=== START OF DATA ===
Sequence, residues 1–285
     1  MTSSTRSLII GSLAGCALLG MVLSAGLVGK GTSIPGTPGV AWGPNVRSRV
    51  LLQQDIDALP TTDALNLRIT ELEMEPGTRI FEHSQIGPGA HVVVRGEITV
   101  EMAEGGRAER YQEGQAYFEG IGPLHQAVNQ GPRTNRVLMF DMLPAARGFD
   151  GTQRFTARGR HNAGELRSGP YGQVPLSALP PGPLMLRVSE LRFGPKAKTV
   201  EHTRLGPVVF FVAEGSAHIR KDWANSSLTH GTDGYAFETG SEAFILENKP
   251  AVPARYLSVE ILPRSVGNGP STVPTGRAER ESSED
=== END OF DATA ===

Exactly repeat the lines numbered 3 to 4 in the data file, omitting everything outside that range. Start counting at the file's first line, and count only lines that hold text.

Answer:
    51  LLQQDIDALP TTDALNLRIT ELEMEPGTRI FEHSQIGPGA HVVVRGEITV
   101  EMAEGGRAER YQEGQAYFEG IGPLHQAVNQ GPRTNRVLMF DMLPAARGFD